Michael Salfino at Yahoo Sports 2 mths ago
I’m switching over to the Fantasy Football beat, so this has to be my last baseball column of the season. But I’m not saying goodbye. You can still fire away with your baseball questions by simply dropping me a tweet @MichaelSalfino.
I want to leave you with something big enough to last you through the coming weeks as you commence your championship push. So I again turn to Inside-Edge. I’ve sorted the qualifying pitchers (1,400+ pitches) by dominance but noted their overall score, too, to give you the entire picture in really two numerical grades that, like in school, are scaled basically from 60-to-100 points.
Inside-Edge defines dominance by performance relative to the league average in three statistics: 1) percentage of innings that are 1-2-3, 2) percentage of outs that are strikeouts in four pitches or less and 3) missed swing percentage.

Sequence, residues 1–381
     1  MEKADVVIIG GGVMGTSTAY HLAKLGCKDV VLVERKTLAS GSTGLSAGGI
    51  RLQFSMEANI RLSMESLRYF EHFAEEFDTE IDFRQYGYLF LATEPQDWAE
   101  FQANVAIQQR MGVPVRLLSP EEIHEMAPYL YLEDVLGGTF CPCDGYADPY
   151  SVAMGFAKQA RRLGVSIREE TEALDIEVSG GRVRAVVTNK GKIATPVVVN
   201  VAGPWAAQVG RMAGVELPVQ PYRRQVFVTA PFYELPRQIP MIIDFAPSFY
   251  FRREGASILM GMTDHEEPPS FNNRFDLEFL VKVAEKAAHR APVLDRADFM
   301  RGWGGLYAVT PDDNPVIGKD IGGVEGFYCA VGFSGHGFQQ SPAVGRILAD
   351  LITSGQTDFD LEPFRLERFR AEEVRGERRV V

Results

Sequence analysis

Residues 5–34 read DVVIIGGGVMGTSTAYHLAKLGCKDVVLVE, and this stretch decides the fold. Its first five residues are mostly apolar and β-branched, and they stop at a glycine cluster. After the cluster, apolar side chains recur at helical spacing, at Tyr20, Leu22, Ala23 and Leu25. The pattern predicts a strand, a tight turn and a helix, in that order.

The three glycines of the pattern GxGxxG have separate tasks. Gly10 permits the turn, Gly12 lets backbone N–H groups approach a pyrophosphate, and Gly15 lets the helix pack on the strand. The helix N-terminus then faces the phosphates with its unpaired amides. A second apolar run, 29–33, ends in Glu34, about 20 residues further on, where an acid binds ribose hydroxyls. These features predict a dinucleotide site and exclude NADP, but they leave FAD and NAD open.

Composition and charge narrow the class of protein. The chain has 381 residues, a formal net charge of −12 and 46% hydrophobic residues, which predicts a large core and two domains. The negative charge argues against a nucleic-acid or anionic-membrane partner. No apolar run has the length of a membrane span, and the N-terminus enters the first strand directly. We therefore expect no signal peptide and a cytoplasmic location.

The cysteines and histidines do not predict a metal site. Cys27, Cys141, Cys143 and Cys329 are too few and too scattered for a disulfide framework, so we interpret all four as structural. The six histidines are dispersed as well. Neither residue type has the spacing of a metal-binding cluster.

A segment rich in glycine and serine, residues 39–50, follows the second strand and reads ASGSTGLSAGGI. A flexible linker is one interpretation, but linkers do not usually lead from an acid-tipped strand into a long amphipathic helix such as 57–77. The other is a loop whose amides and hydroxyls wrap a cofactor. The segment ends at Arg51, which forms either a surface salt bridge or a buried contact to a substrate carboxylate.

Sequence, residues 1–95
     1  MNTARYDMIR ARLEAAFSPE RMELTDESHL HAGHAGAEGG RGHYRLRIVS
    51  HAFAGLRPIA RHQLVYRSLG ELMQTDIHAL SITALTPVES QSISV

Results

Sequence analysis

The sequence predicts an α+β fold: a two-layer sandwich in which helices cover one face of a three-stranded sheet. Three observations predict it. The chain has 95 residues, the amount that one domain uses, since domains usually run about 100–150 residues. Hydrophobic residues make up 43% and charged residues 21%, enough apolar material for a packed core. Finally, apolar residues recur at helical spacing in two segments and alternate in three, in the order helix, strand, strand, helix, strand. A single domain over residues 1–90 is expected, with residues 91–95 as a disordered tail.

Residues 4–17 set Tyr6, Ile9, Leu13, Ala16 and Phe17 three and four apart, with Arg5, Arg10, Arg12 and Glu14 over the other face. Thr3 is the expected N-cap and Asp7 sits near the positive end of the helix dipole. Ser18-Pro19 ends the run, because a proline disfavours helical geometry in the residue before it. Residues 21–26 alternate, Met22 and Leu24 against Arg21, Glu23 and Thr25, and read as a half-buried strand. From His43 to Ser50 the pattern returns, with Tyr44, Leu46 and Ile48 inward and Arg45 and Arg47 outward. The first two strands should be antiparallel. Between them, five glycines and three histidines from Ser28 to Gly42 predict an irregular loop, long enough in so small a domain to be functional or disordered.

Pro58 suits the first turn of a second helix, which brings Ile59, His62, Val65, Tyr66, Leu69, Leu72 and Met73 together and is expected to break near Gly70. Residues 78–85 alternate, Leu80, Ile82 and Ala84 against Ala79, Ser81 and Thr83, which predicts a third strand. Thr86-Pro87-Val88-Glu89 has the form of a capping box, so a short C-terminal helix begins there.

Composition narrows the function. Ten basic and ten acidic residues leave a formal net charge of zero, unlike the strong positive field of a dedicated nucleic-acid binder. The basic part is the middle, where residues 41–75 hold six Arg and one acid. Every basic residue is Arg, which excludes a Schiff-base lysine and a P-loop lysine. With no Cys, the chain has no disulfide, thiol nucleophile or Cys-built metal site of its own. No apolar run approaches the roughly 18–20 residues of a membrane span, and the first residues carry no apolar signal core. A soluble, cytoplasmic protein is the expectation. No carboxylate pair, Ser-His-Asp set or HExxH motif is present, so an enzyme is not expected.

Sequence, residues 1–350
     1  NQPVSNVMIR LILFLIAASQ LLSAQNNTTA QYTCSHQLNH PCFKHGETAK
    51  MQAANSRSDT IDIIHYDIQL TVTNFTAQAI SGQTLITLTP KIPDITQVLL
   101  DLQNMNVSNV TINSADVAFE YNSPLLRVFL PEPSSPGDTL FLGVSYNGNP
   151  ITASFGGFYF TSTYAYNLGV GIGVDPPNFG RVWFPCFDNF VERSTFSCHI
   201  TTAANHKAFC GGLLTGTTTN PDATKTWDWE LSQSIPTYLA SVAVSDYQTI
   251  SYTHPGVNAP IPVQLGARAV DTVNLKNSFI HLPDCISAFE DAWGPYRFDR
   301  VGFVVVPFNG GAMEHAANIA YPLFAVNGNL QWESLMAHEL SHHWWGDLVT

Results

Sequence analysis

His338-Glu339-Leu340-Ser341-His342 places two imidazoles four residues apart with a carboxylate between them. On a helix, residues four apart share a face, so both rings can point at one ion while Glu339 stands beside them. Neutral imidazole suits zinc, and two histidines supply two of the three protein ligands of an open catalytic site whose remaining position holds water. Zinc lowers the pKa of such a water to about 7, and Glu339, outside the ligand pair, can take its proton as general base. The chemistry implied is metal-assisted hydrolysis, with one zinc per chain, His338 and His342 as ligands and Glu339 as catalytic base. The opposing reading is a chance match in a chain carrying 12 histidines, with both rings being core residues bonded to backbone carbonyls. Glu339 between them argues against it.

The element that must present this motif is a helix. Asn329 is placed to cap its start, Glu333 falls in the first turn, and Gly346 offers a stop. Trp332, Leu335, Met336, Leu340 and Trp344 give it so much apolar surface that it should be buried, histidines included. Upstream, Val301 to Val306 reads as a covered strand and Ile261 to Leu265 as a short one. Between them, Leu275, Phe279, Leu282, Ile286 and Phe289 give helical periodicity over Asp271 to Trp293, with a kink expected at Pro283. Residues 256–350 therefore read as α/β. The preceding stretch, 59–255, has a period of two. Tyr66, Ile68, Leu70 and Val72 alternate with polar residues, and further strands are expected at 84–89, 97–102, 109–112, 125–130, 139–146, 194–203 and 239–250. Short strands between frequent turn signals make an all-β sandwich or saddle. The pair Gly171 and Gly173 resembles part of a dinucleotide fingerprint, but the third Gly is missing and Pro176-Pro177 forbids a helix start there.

Here’s the full list.
Michael Salfino at Yahoo Sports 2 mths ago
Wide receiver is the way you slay your opponents in Points Per Reception leagues. It’s not the running back position anymore. And some tight ends are wide receiver-esque and essentially give you another high-upside weapon. So let’s look for value by projecting last year into this year in two key areas: the seemingly transformed value of rookie wide receivers and the most and least effective receivers (including tight ends) in the context of their teams. [Yahoo Sports Fantasy Football: Sign up and join a league today!] Was last year’s electrifying crop of rookie wideouts the signal that rookies now come into the league pro-ready and thus able to make a fantasy impact right out of the gate? I’m reminded of the 2013 offseason where we were told that the performance of the rookie quarterbacks in 2012, when three (Robert Griffin III, Russell Wilson and Andrew Luck) instantly became viable fantasy options, was sold as the new normal. When it didn’t happen in 2013, that was blamed on a poor rookie class. But last year, two highly-regarded prospects, Blake Bortles and Johnny Manziel also were terrible. So now people view that 2012 class an an outlier.